Practical, clinical issues concerning drugs in human milk arise frequently in dentistry because mothers present for elective treatment which has been postponed during pregnancy. Treatment provided for nursing mothers may be third molar surgery, periodontal treatment, prophylaxis, endodontic care or dental restorative procedures. Nursing mothers are generally concerned about any possible effect dental treatment, including drugs, may have on their milk or on the nursing infant.

Where single doses of drugs are used, e.g. local anaesthetics or parenterally administered sedatives, the effects on human milk are likely to be minimal. However, where there is any doubt concerning a mother's confidence to continue nursing a child immediately following treatment, she can usually express and store some milk the day before treatment.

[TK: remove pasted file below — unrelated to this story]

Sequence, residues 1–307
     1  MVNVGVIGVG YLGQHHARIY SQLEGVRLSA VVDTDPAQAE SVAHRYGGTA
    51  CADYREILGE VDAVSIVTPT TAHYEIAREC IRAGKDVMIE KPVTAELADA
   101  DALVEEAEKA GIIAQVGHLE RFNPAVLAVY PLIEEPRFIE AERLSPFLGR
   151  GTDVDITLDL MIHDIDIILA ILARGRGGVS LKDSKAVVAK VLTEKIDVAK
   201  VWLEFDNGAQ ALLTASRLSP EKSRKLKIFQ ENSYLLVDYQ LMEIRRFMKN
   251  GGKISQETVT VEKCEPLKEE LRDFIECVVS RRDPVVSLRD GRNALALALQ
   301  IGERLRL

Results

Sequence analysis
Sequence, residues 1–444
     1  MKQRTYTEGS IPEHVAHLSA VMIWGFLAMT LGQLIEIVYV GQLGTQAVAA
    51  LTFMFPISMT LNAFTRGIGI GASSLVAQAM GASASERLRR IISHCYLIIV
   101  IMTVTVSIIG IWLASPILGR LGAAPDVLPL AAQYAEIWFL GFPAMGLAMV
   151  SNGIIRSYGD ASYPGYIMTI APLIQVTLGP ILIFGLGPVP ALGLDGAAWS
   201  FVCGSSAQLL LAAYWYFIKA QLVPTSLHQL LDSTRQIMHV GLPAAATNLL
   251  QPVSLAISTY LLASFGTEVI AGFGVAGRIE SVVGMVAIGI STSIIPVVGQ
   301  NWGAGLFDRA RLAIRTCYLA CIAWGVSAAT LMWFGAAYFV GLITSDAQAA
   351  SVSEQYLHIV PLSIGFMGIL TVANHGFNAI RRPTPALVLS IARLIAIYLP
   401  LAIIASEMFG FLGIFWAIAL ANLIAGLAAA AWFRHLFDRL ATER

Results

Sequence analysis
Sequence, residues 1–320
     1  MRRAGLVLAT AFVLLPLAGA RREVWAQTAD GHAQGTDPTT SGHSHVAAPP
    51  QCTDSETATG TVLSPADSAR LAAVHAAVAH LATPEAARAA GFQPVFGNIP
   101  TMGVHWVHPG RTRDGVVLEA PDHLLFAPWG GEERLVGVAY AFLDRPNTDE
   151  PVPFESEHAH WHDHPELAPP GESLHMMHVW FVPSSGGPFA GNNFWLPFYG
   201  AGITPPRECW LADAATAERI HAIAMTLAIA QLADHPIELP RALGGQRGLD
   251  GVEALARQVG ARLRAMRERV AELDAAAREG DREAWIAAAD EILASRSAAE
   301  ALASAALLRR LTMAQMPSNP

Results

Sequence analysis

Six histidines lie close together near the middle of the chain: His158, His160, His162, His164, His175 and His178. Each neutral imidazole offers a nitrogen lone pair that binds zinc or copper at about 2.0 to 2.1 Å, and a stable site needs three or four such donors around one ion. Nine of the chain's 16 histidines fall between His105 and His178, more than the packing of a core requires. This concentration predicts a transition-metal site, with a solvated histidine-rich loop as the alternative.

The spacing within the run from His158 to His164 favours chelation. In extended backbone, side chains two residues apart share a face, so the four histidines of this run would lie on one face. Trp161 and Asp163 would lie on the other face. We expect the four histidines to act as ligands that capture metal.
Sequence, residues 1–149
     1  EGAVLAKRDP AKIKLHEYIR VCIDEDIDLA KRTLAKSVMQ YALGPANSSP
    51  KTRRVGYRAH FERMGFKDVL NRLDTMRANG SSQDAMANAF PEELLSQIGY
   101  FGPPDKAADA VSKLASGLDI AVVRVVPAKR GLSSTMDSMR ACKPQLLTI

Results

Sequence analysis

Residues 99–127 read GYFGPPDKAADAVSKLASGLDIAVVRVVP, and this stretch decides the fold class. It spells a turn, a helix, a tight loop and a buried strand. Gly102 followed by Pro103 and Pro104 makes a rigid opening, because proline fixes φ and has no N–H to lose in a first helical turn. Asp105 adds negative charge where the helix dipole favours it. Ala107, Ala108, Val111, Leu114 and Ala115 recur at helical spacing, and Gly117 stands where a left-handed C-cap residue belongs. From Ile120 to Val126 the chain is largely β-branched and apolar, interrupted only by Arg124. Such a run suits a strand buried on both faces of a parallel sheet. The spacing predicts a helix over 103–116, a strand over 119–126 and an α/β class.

Local anaesthetics (e.g. lignocaine, prilocaine) appear in human milk in low concentrations and no adverse effects are known. Anecdotal reports of infants rejecting milk following maternal local anaesthetics, although rare, are often attributed by mothers to a taste change; certainly local anaesthetics have a characteristic bitter taste.

Sedatives such as intravenous midazolam or diazepam are usually given as a single titrated dose. The serum concentration achieved may be relatively high, but for only short periods and doses are not generally repeated. For preference, intravenous sedatives with a short half-life are more suitable during lactation as any possible effect on human milk is restricted. The half-life of midazolam is approximately two hours compared with over 40 hours for diazepam.

When treating nursing mothers, dentists should be familiar with all aspects of the drugs they administer or prescribe; `Drug distribution in human milk' provides an authoritative reference resource.

Additional information for dentists concerning drugs and human milk is available.1,2


R.G. Woods

The Australian Dental